Tearing Down The Walls


Be the kind of person you would like to be with. Some people come into our lives, make footprints on our hearts and we are never the same. People are lonely because they build walls instead of bridges.  ~Joseph F. Newton 



With retirement comes major changes in one’s life.  I anticipated many.  The extra time on my hands with no schedule.  Less money to pay for expenses.  And dealing with finding and paying for my own health insurance.  What I did not foresee was the isolation.  I should have figured this would be the case, but I am an introvert and we crave isolation over crowds and hours of human contact engaged in small talk.


For over 30 years, I lived in the realm of the extrovert during work hours, and sought refuge from it all when home.  After all being “on”, at work for 8-10 hours a day, five days a week was exhausting.  My family lives out-of-town virtually unreachable without a costly plane ride or a long drive.  Friends outside of work are few, the hallmark of an introvert.


Neighbors were neglected as work wore on me, and left very little time or want for being with “more” people.  So I had built a slick little world with a few friends, co-workers and family all kept at arms length making my world insulated and safe with enough human contact to last a lifetime…or so I thought.


As winter has hung on, my retirement has been spent in the cocoon of my home.  I long for my wildlife garden as it brings me hours of pleasure, a refuge for the critters and me.  But with the no garden, few critters and “cabin fever” hitting me suddenly, I found myself craving time with people.  Wow, what was this!


So when I had an invitation to a party from a neighbor, I decided to accept.  It was a party where a product was reviewed in hopes those attending would buy something.  In years past, I would have politely declined preferring instead to have respite at home on a Friday after a long week of work.


DSCN1215But I was not working, and I thought this would be a great test for me.  The day of the party, I almost didn’t go.  But I made the short walk, anyway, forcing myself forward with each step knowing there would be few people I knew at this party.  And lots of chit chat, a nightmare for any introvert.


At first I was quiet.  I listened.  Then I joined in a bit…even with the chit chat.  I found I was calm and let the evening unfold staying in the moment working through any fears.  And I had a nice time for an hour and a half.  I even bought a gift for a friend.  I was pleased with myself.  I had made it through without wanting to run screaming from my neighbor’s house seeking the refuge of my home.  And with this test passed, I even suggested dinner with friends the next evening.


Two social gatherings in two days would be unheard of for me usually.   But now I was experiencing more bouts of loneliness.  The well-built walls I had been dwelling behind were feeling far too confining.


So I am learning to reconnect.  To join in once again with the human tribe as I tear out the bricks of my isolation.  To seek opportunities in small chunks.  To build new bridges seeking out the company of people I have missed.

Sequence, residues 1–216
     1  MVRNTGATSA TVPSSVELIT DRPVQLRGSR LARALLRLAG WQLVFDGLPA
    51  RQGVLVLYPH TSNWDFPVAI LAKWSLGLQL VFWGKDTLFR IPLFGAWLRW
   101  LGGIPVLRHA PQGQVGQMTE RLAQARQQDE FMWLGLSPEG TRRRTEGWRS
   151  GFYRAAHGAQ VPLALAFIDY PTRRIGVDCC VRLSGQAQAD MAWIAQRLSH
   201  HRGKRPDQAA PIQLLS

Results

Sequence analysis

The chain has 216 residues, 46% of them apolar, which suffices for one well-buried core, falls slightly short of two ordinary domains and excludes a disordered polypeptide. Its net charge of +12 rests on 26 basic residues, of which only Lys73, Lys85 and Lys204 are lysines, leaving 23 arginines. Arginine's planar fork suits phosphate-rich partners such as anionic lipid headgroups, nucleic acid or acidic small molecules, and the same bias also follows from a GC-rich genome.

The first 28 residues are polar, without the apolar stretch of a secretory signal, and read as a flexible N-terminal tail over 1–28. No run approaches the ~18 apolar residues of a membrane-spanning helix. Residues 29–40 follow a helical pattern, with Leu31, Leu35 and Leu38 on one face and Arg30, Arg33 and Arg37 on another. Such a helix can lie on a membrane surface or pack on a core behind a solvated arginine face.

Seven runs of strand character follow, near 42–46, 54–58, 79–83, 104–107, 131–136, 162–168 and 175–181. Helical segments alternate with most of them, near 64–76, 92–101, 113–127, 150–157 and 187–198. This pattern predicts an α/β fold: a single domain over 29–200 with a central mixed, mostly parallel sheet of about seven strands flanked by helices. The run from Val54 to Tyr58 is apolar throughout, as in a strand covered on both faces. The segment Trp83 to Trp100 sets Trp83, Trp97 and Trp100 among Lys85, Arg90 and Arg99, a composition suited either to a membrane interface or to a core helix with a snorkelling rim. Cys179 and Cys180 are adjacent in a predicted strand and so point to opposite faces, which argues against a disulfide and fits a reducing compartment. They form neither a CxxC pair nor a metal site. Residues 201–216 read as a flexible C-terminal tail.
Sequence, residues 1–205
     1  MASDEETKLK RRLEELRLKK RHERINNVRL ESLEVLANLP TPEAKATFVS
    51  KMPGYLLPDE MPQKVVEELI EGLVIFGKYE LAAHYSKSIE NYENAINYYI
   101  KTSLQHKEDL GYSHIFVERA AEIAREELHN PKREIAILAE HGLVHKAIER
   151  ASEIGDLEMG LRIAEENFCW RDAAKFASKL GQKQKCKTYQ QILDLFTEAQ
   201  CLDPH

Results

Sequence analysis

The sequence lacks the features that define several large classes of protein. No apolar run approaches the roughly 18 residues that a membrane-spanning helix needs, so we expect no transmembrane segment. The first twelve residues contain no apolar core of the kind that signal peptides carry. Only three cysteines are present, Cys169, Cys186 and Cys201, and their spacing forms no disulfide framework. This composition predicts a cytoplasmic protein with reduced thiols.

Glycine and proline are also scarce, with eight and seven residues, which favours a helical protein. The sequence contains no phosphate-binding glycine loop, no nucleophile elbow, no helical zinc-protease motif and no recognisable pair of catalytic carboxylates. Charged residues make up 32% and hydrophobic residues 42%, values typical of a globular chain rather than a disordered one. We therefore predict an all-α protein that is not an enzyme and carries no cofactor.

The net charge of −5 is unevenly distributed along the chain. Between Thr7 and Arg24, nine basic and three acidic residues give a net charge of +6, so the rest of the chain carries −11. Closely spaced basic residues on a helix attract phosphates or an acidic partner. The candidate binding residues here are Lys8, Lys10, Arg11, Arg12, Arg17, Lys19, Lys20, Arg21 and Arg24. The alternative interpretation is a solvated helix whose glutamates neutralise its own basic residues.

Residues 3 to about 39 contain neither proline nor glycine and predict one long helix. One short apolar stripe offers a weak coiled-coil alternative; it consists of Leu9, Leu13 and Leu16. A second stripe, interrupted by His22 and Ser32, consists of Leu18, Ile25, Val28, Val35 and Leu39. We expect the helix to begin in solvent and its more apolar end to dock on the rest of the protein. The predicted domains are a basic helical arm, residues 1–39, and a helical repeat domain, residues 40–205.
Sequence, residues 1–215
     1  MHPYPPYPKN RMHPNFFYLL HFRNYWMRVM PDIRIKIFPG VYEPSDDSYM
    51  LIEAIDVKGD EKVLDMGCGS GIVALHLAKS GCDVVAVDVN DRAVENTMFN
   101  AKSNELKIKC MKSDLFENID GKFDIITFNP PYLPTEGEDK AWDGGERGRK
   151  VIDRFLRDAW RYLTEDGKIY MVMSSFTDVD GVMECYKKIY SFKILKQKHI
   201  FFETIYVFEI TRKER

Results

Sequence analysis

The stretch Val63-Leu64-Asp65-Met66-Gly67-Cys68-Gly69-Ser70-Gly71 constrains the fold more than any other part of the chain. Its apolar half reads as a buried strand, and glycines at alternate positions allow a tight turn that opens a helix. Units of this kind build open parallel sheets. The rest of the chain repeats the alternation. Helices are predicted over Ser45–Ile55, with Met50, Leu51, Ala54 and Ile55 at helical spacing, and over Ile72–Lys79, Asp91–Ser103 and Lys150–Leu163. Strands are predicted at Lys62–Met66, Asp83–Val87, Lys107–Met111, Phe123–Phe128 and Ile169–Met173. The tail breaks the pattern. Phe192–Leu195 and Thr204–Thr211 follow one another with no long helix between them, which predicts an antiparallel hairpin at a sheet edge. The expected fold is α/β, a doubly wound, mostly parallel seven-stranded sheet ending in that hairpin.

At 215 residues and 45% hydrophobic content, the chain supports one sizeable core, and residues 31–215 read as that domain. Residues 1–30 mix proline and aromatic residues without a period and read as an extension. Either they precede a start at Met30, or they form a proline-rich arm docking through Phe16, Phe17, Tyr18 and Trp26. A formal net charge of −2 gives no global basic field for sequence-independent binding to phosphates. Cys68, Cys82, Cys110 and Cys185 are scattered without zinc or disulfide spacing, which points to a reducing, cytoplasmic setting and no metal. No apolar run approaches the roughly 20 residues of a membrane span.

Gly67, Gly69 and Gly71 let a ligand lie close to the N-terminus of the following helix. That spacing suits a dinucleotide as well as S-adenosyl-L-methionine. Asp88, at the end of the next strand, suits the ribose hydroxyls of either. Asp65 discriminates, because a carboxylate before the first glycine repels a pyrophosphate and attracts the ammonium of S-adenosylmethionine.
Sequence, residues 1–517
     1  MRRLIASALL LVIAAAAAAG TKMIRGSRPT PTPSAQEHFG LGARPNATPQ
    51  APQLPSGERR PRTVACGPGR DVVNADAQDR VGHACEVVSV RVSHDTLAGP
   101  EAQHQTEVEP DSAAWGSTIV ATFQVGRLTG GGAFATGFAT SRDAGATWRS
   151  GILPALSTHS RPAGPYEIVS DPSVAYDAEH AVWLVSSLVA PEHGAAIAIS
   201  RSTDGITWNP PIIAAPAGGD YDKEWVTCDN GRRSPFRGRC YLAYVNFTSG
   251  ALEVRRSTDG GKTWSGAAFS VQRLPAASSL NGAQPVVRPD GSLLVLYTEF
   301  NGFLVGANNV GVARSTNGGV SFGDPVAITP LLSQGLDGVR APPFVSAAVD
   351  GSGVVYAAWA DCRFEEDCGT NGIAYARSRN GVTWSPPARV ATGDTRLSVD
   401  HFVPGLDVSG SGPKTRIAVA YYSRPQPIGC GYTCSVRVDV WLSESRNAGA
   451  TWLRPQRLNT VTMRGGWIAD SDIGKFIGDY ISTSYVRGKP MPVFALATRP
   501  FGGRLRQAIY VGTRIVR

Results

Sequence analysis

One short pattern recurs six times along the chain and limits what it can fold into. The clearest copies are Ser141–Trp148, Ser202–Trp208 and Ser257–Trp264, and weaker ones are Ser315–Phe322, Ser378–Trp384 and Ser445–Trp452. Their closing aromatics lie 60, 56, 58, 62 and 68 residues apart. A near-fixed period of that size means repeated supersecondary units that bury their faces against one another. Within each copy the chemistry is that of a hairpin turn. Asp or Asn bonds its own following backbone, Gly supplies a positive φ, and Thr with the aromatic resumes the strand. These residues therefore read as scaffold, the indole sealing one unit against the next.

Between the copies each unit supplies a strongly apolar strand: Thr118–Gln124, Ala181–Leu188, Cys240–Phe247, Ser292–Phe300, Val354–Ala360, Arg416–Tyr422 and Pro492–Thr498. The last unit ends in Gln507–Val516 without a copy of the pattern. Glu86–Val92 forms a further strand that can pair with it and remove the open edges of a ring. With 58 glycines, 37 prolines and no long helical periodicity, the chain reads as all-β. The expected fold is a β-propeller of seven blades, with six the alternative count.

And as this amazing new discovery has certainly opened the eyes of this introvert, I will not forget its importance…..that continually establishing and maintaining human connections is essential along my life’s path.  


Note:  The bluebird pictured here is a symbol of happiness and good cheer.




Update 8 months later:

This post was originally published March 27, 2014 as I was beginning my retirement.  Just getting used to the new-found freedom, the pros and cons of this new life.  I have kept the connections going although they were not as frequent as I thought due to health issues.

But I hope to keep human connections front and center, as we enter the holiday party season and the isolation of winter.  Here where there is a lot of snow, we tend to remain indoors and not see each other often in winter.

I am also planning a couple of trips to see family over the upcoming holidays.  Sometimes family can also be overwhelming, but I look forward to reconnecting and rekindling the light of my family so far away.



I leave you with another thought about relationships.  Please feel free to download the photo and share it.



All original content is copyrighted and the sole property of Donna Donabella @ Living From Happiness, 2014.  Any reprints or use of content or photos is by permission only.

22 Replies to “Tearing Down The Walls”

  1. One of the most interesting aspects of Introverts is that, while they can be wonderful with people–they don’t DIS-like people after all–what sets them apart is the time it takes them to re-set. That is, for every one day “out and about with people”, it might take an Introvert two days of quiet to garner their core strength once more. I’ve found this very helpful. It allows me to know that I can engage in a social event if I factor in the down day that will be essential afterwards. Extroverts, of course, don’t need this–they relish in activity and actually GET energy from social events. For people like you and I Donna, we pay with the coin of our best energy. I’ve had to work pretty hard to teach some of my extroverted friends about this-:)) They would like for us to do things two days in a row for example. But I have a great article from The Atlantic–the classic in the field–called “The Care and Feeding of your Introvert” and I just send it off to them by way of education! -:)

    1. I have to explain this to folks all the time too Susie. And actually introverts are great communicators…. I find that too many events in a day is exhausting as well and then takes me a long time to reset as you say.

  2. I am also an introvert. And need my quiet time. Lots and lots of quiet time.
    I am leanrng (too slowly) that I also need to dismantle the walls and use the bricks to build pathways – ensuring that enough bricks remain to build a gate.
    Beautiful post – and thank you.